Flying: Sit Back and Relax

Plane trips are a territorial battle, complete with armrest assaults and seatback skirmishes
There is a special room in hell where the flames are extra hot and you must sleep sitting straight up. The sign on the door says “Reserved for People Who Reclined Their Seatbacks the Entire Flight”. Most of us understand the discomfort we are inflicting on the poor person behind us and try to limit our reclining for the lights-out portion of the flight. If everyone leans back together, in the manner of a synchronised, unattractively upholstered Esther Williams swim routine, no-one is unfairly crowded.

I had a seatback diva in front of me last week. We were barely airborne, and there she was in my lap. Using my computer would now entail making a slit in my belly flab and inserting the front half of the keyboard, so that the bottom row of letters was rendered inaccessible and I’d have to make do without the words banana, vixen, balaclava and many other colourful favourites.

Defeated, I tried to watch the little TV mounted in the seatback in front of me. Alas, the screen was so close that my eyes were crossing. The TV chef had become a set of perfectly choreographed twins, which is one or possibly two more celebrity chefs than I can handle.

In desperation, I turned to my copy of the in-flight catalogue and began to read. A mail-order company was selling “the Most Compact Washing Machine in the World” – enabling, I don’t know, elves to do laundry in their tree. “Tiki Head Tissue Box Dispenses Tissue Through the Nose!” another ad reported.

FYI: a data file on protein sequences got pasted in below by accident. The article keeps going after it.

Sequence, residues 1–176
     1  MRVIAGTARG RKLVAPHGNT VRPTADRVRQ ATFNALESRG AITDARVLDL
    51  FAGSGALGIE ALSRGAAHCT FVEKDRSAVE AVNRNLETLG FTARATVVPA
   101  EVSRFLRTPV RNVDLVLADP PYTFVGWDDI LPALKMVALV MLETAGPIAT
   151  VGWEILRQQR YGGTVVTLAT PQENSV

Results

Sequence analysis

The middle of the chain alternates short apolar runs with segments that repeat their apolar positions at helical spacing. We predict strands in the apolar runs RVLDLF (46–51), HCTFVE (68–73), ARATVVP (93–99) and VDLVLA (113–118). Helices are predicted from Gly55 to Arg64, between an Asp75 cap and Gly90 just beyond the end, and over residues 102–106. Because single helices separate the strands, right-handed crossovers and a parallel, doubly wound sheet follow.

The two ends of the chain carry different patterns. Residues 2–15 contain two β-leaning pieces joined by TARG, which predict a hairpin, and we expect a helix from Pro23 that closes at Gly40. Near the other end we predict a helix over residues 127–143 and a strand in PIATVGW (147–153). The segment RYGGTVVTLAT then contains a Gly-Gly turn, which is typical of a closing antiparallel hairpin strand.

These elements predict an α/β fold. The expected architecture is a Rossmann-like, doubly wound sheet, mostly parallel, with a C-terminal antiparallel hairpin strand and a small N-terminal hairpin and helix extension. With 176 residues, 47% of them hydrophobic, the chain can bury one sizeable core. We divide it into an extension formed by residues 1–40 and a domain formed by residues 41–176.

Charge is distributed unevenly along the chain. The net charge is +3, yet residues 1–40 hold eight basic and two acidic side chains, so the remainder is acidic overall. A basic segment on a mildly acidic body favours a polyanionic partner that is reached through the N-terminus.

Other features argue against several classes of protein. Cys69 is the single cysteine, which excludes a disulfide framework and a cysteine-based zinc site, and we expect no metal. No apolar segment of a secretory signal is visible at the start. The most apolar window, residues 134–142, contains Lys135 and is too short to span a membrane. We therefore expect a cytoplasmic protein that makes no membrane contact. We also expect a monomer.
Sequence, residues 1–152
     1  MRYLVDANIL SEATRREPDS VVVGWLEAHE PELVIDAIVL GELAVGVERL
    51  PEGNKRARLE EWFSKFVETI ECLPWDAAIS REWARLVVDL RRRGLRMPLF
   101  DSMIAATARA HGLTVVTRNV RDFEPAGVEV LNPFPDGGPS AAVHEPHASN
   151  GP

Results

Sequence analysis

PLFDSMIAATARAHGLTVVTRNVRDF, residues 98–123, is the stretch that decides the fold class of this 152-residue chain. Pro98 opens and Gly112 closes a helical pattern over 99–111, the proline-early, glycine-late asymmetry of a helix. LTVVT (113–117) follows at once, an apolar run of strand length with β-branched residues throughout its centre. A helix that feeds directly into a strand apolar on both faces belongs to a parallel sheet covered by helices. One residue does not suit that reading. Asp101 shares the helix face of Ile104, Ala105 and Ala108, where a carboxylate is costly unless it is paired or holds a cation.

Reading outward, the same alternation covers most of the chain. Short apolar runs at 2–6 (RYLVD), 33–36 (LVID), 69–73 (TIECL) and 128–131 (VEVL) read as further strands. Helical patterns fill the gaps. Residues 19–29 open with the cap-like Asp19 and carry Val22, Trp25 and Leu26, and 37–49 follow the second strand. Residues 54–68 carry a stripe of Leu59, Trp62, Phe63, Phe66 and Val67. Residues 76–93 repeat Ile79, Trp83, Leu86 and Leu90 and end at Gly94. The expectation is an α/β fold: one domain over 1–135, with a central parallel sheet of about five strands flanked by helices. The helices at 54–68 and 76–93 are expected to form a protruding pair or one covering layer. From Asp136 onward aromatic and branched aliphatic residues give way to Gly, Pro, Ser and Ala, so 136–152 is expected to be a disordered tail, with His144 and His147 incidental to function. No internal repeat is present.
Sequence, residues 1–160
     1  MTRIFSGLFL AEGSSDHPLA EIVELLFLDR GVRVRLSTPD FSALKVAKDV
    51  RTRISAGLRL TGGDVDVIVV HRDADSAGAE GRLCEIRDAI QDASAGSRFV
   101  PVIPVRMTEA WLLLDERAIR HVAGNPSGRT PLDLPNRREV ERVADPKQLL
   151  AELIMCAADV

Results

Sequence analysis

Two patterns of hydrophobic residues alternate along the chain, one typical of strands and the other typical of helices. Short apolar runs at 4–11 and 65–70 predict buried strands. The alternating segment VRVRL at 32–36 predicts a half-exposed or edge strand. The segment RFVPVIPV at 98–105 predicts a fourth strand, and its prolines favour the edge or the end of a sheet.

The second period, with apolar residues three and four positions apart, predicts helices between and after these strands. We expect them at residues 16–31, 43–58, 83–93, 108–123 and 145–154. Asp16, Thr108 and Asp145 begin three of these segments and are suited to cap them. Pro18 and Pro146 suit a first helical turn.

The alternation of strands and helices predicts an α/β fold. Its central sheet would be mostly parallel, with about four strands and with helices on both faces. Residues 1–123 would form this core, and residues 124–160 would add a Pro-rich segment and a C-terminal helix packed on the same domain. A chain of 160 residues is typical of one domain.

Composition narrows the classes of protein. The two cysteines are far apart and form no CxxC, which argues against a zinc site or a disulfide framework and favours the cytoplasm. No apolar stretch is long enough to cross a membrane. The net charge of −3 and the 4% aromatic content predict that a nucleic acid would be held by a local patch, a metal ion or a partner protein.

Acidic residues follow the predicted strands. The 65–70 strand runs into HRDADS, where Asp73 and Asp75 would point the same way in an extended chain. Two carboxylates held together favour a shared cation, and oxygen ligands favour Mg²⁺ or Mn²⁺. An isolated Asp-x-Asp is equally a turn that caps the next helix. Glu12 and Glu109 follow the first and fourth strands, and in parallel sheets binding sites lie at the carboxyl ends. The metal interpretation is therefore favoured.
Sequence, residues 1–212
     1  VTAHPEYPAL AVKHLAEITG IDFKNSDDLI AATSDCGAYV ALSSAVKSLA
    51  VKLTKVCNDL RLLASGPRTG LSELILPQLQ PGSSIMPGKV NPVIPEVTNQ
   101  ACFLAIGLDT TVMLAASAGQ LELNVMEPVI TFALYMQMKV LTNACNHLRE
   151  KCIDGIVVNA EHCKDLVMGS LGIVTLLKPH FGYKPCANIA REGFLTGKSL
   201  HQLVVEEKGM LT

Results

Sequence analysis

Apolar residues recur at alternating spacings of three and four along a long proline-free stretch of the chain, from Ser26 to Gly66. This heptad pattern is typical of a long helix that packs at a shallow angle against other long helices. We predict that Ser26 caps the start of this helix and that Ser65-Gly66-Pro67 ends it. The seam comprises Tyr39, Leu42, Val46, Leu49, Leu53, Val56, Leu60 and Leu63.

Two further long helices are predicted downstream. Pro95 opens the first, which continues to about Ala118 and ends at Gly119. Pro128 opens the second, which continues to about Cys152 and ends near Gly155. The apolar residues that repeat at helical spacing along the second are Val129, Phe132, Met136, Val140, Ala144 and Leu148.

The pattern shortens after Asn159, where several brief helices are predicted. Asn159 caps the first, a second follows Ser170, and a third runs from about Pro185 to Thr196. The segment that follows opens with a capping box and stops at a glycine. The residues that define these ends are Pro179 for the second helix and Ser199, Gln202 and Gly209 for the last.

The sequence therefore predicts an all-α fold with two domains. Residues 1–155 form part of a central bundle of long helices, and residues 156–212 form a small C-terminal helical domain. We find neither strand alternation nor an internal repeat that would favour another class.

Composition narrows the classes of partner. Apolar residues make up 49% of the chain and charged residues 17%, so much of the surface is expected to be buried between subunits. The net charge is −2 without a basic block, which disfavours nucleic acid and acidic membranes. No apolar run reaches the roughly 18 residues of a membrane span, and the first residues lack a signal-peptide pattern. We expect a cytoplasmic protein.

“Who would buy this?” I said to the man in the middle seat, but he was busy waving down a flight attendant. “Miss?” He was holding up his knees. “Is there room in the overhead locker for these?”

We hit a pocket of turbulence and Bloody Mary mix slopped onto the chinos of the man next to me.

I pointed out the Most Compact Washing Machine in the World. “You need this,” I said. The man did not smile. His expression was just like the Tiki Head with tissues up its nostrils, displeased and clearly embarrassed yet resolutely stoic.

More and more, you must board a plane like a general going to war. You must constantly defend your wee, airless kingdom. The occupier of the next seat will make his move on your armrest the moment your vigilance flags. You will return from the toilet to find an elbow planted in the little vinyl peninsula.

The battle for armrest dominance has grown ever more intense in the era of the laptop computer. The airliner seat, designed to be a chair but never very good at it, is now expected to perform double duty as an office. Soon people will be bringing fitness equipment and hobby craft aboard, and the company that makes the elfin washers will need to get started on looms and rowing machines.

Complex rules apply to the space beneath your seat. Not long ago, I was on a long flight when I was woken by the woman behind me.

“Excuse me?” She was holding up a plastic juice cup. ,i>“Excuse me? This is coming in my section.” I had put my empty cup under my seat and it had slid backward, crossing an imaginary line in the carpet. She was peeved. Her eyes were squinty and her nostrils flaring, as though about to dispense tissues through the nose.

People were staring, so I took the cup. Later that night, a pantyhosed foot made a stealth assault on the back of my right armrest. It was her: the Juice Cup Border Patrol.

“Excuse me?” I nudged the foot ungently. “This is coming in my section.”

Several hours went by without incident. I was beginning to drift off when I heard a driving, tinny noise: ch-ch, ch-ch, ch-ch, ch-ch... The woman had mobilised the most fearsome weapon in the modern jet arsenal: the Overly Loud Headphones. I waved my hot towel in surrender.
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